Epic Games CEO says Google has ‘real control’ over Android apps

Epic Games CEO says Google has 'real control' over Android apps

It was a long-awaited day in court for Epic Games Chief Executive Tim Sweeney, who testified in San Francisco federal court on Monday in the company’s legal battle against Google.

The fight between the companies began in the summer of 2020 when Epic, the company behind the popular video game Fortnite, wanted Google to stop charging app developers a 30 percent fee for purchases made on its Play Store on Android devices.

When Google refused, Epic installed its own payment system in the Fortnite app on Android, thereby charging consumers lower prices.

Google responded by removing Fortnite from its Play Store on August 13, 2020. The same day, Mr. Sweeney sued Google, accusing the tech giant of claiming monopoly control over mobile game developers on its Play Store.

“I want to make it clear to everyone what is actually happening on these platforms,” Mr. Sweeney said on the witness stand on Monday. “I want everyone to see and understand that Google exercises real control over the availability of apps on Android.”

In 2021, a federal judge rejected most of Epic’s arguments in a similar case against Apple. This time, a nine-member jury will decide whether Google violated antitrust laws by exploiting smaller rivals in a trial that ends next month.

This result could have wide-ranging implications. If Epic wins, Google may be forced to allow other companies to offer competing payment systems on the Play Store.

Since the trial began two weeks ago, Mr. Sweeney has been sitting in the front row of the courtroom almost every day. He was determined to go it alone in the lawsuit: Google last month announced a settlement with the other plaintiff in the case, Match Group, a dating app company. In September, Google settled with dozens of state attorneys general who sued the company on similar grounds.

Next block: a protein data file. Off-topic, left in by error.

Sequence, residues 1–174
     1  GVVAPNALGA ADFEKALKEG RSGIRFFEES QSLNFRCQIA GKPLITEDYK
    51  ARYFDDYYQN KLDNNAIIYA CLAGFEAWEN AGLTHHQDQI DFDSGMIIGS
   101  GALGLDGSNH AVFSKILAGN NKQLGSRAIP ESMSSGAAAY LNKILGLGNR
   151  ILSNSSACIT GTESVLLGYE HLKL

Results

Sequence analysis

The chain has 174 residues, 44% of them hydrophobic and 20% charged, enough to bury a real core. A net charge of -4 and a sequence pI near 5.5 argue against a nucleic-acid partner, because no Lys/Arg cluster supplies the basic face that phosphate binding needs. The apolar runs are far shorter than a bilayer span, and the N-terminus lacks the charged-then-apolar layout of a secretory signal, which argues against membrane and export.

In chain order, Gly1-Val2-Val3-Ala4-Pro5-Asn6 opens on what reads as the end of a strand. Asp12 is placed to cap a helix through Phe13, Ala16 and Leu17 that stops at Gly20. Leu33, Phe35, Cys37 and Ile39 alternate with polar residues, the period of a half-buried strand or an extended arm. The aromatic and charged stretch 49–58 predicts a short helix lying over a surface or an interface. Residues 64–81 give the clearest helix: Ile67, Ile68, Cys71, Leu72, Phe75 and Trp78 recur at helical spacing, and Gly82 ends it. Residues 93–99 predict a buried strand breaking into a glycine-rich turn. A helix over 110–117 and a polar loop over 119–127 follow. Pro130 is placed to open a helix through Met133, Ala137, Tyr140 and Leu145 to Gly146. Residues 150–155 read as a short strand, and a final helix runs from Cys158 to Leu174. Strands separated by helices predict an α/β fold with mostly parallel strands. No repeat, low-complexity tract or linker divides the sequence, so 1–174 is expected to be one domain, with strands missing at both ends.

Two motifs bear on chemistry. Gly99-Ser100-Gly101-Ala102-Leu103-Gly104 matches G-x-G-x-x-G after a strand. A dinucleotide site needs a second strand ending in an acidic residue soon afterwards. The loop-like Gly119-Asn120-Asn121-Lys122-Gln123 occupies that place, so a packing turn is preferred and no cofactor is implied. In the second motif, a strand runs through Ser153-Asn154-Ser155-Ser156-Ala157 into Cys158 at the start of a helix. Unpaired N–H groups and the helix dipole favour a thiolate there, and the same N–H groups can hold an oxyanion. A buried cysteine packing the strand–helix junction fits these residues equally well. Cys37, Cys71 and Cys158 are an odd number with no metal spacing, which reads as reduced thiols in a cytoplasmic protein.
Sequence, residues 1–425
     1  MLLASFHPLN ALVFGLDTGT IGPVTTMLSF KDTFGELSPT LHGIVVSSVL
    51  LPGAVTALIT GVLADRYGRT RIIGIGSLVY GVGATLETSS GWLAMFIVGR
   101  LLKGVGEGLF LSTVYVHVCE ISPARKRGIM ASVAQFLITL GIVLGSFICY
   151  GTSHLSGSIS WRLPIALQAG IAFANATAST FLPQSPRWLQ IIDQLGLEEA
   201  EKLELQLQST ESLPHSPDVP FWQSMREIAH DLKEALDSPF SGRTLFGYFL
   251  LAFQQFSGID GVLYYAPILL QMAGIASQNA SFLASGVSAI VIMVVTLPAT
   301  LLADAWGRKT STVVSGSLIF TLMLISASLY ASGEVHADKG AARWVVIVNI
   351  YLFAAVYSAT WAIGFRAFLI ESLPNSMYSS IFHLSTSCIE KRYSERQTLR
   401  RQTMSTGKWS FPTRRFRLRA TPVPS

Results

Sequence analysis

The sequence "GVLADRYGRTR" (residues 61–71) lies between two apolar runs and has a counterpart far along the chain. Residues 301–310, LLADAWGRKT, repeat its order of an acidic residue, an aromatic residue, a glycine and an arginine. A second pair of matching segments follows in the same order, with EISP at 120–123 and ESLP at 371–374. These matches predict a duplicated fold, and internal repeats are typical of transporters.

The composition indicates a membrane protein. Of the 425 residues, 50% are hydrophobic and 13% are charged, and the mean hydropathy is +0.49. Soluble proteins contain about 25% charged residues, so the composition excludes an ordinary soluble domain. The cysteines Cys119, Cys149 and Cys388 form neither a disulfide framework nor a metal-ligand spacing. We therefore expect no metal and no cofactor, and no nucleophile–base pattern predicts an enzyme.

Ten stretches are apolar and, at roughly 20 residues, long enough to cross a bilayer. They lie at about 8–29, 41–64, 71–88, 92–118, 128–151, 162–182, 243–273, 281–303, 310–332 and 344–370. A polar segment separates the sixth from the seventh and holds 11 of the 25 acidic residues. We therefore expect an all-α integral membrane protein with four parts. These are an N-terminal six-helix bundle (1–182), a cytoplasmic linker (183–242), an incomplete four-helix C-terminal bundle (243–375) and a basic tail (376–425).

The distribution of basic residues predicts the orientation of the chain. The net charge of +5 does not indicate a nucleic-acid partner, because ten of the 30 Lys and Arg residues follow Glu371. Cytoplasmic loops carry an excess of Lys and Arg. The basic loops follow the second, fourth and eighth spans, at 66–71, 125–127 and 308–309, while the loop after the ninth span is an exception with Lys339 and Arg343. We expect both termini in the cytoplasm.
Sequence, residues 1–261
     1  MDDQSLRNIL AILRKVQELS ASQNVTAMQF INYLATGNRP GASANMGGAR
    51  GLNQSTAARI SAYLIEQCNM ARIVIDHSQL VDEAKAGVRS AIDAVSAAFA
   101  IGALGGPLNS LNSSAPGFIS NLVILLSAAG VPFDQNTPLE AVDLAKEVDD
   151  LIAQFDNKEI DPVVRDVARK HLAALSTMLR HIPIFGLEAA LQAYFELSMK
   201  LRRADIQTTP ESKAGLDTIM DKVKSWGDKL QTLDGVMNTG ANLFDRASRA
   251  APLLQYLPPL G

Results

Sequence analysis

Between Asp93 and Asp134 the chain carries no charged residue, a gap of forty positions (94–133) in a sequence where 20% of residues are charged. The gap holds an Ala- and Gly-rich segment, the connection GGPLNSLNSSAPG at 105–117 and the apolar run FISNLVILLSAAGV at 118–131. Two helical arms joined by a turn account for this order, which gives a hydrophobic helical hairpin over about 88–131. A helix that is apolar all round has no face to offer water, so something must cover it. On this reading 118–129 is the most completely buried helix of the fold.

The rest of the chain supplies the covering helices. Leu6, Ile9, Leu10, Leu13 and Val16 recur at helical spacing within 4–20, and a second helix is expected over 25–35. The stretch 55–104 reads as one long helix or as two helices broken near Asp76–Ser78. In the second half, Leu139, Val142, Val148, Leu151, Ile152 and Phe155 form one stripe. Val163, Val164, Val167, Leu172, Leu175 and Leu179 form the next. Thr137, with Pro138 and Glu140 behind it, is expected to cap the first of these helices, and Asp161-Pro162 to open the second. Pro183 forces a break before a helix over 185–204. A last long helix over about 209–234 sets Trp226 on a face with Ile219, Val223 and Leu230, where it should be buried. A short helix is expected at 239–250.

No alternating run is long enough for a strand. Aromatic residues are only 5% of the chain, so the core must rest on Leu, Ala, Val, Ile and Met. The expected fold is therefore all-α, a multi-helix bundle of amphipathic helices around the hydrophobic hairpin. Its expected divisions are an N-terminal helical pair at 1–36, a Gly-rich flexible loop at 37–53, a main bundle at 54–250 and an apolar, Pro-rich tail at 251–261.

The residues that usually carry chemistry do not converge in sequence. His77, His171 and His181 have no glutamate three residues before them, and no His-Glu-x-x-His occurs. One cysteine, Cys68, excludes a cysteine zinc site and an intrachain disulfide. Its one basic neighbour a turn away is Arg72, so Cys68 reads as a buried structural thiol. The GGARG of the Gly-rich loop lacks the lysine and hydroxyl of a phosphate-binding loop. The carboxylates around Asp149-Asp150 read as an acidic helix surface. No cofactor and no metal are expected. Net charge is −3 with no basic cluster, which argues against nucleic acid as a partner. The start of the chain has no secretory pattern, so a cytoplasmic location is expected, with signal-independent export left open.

In his testimony, Mr. Sweeney stressed that his goal was to distribute the game to more users rather than seeking monetary damages, and that Google’s fee prevented Epic from expanding its business. In a cross-examination, Google’s lawyer, Jonathan Kravis, said that Epic had paid a 30 percent commission fee to gaming console companies including Nintendo, Sony and Microsoft and had earned a total of $12 billion from the consoles.

Mr. Sweeney nodded toward the numbers, although he had said earlier on Monday that Epic was currently losing money.

Mr Kravis also pushed back at Mr Sweeney’s claim of passing the savings from the fees on to customers. For example, Epic is charging the same price for in-game purchases across all platforms, including its store, where it doesn’t charge any fees.

“You’re keeping the money in your pocket, right?” Mr. Kravis asked.

Mr. Sweeney did not deny the allegation, but he said Epic was saving about 3 percent by not using a payment processor. Later in testimony, he also said that a contract with Sony prevented Epic from selling Fortnite’s in-game product on PlayStation for less than its price, and that when Epic sold such products through the companies’ personal computers, Apple and Microsoft were not paid anything when the products were delivered.

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